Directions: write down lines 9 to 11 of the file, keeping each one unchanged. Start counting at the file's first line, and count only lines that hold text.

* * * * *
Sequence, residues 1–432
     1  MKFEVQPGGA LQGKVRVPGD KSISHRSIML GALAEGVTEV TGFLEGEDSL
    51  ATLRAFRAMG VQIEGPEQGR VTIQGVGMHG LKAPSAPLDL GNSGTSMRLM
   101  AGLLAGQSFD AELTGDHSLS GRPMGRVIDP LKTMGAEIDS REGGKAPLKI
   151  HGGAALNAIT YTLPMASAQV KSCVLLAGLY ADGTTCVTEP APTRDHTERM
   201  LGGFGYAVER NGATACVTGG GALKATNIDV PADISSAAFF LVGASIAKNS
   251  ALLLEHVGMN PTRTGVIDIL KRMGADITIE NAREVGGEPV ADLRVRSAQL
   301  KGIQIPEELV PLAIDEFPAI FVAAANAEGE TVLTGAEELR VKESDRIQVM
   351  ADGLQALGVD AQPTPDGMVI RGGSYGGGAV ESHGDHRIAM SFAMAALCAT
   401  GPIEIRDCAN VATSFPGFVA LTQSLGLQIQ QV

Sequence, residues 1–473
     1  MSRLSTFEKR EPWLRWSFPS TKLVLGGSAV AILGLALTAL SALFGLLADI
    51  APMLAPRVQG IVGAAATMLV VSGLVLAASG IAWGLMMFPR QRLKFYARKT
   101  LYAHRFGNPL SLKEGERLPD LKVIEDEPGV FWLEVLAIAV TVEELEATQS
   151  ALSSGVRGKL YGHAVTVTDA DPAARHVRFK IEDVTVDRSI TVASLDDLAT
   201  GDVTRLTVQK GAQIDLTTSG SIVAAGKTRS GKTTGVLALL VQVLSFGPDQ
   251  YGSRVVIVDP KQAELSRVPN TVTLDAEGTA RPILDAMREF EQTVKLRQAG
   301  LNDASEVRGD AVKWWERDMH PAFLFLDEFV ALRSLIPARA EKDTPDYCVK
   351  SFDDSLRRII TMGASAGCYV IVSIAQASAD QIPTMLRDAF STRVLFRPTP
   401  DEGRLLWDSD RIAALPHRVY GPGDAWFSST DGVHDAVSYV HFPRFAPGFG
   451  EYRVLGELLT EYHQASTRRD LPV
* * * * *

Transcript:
   351  ADGLQALGVD AQPTPDGMVI RGGSYGGGAV ESHGDHRIAM SFAMAALCAT
   401  GPIEIRDCAN VATSFPGFVA LTQSLGLQIQ QV

Sequence, residues 1–473